The YouGov poll showing Theresa May’s lead has halved in a week and now sits at a rather nervous nine points has been met with widespread wonderment. But should we be that surprised?
Theresa May has ran one of the most protective election campaigns ever witnessed. She refuses to engage with the public and responds only to questions she has had advance warning of.
Appearing on news broadcasts at the party’s secretive campaign events it is an awkward Tory leader who nervously parrots her pre-prepared sound-bites. May frequently stumbles over her words as the clip below demonstrates.
Her refusal to participate in the ITV debate was a massive blunder. The inclusion of UKIP’s Paul Nuttall meant she was there by proxy. Every blow landed on Nuttall, and there were many, was a blow landed on May.
Friday’s release of a manifesto that targeted pensioners risked alienating one of the Tory’s core constituencies. The elderly are unlikely to respond well to removal of the triple-lock, removal of winter fuel payments and the introduction of means testing.
It’s been a very poor campaign for May. It’s been the same North of the border where her Caledonian lieutenant has reduced her party to a single-issue group in Scotland. ‘No to a second referendum’ is Ruth Davidson’s only pitch.
We will have to wait to see just how impervious Ruth’s North British Nationalist campaign is to the UK manifesto policy gaffs. Will Ruth’s campaign take a hit?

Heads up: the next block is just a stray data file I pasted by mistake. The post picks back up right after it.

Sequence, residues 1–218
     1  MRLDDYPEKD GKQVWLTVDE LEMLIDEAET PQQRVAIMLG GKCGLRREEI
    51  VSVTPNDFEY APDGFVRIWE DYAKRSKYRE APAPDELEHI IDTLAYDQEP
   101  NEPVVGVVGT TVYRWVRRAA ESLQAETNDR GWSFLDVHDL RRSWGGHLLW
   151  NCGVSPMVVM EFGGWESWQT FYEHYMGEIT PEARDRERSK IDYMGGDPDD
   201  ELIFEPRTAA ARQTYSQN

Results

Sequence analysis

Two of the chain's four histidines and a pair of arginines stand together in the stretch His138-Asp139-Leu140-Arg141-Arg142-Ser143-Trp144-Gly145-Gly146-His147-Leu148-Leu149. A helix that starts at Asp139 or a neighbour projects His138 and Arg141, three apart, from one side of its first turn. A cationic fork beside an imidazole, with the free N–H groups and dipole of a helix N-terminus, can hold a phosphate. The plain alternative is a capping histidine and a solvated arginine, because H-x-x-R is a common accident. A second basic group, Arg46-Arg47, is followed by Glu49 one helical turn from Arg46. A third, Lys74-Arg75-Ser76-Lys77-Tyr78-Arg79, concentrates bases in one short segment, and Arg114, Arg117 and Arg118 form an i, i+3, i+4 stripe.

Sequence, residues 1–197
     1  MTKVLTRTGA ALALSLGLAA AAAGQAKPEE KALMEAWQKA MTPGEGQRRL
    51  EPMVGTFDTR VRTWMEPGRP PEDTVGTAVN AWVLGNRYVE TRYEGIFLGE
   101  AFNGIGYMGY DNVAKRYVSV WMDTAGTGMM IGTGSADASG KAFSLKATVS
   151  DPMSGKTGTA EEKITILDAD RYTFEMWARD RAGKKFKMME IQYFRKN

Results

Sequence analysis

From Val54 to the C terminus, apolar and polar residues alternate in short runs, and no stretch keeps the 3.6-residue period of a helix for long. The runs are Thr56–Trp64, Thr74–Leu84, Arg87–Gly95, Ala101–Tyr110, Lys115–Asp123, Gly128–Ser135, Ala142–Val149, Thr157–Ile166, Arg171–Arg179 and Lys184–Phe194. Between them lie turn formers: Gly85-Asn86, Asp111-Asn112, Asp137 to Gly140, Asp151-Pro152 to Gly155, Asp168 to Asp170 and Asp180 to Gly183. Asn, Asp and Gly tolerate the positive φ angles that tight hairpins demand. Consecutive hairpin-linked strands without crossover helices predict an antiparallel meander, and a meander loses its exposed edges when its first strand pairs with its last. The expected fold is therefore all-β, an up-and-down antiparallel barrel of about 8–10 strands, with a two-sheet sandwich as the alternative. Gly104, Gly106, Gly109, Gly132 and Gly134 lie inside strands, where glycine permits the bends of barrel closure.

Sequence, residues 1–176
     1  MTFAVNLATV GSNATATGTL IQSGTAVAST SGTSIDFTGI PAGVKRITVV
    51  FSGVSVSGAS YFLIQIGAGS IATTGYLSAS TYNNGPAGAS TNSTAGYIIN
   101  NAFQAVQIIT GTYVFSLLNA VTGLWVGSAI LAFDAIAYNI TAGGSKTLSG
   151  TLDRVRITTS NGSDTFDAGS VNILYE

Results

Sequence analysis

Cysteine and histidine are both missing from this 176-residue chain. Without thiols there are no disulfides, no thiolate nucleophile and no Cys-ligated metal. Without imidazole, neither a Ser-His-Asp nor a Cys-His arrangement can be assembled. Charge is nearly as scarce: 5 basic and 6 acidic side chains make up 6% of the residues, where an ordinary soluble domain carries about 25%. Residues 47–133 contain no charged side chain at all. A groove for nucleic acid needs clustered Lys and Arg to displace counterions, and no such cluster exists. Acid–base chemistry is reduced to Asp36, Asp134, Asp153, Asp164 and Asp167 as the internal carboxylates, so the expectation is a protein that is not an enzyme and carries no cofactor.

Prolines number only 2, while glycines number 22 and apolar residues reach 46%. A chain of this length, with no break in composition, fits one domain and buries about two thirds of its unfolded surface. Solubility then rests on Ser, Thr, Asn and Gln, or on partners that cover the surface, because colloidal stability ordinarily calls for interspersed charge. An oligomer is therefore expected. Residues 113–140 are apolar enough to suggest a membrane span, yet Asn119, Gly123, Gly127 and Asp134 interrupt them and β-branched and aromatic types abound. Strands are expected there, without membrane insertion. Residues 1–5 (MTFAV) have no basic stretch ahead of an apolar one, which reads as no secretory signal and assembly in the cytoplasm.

And what if Jeremy Corbyn continues to eat into Theresa May’s lead? What if Labour eroded May’s advantage to the point that she was in danger of losing her overall majority? Well that brings the tantalising prospect of a hung parliament into play.
Could a Corbyn led Labour party assume power? Would Corbyn seek backing from the SNP in order to keep the Tories out? The answer to both questions is yes.
Any narrowing of the polls would have ramifications for Scottish Labour’s campaign. This weekend the hapless Kezia Dugdale signalled to Scottish Labour voters in the Highlands and the Borders that they should lend their vote to the local Tory candidate in order to keep the SNP out.
But what if UK polls indicate that the race for Number 10 is on a knife-edge? Dugdale would be campaigning against her own party taking power. She’d have to urge voters not to vote Tory under any circumstances. Whether her urging would be heeded is another thing.
If Corbyn did become the next Prime Minister, one thing would remain. Scotland would still face being dragged out of the EU against our will.
Jeremy Corbyn, like Theresa May, will implement Brexit … just not May’s version. Corbyn has though signalled he would not want to be a member of the Single Market.
Labour’s manifesto said only that the party would seek to keep the benefits of the Single Market.
Whether a Corbyn PM accedes to Nicola Sturgeon’s request for Scotland to be allowed to remain a member of the Single Market would remain to be seen. We can though be reasonably certain that Corbyn is unlikely to try to block a second independence referendum should he, like May, refuse Nicola Sturgeon’s Single Market request. He respects the will of the Scottish Parliament.
The coming week will be interesting. All eyes will be on the next poll to see if Jeremy Corbyn has indeed cut May’s lead further. If he can maintain this momentum south of the border then it really is game on.
The SNP will still win handsomely in Scotland. But how big a boost if they also hold the balance of power at Westminster. Where would that leave Ruth I wonder?
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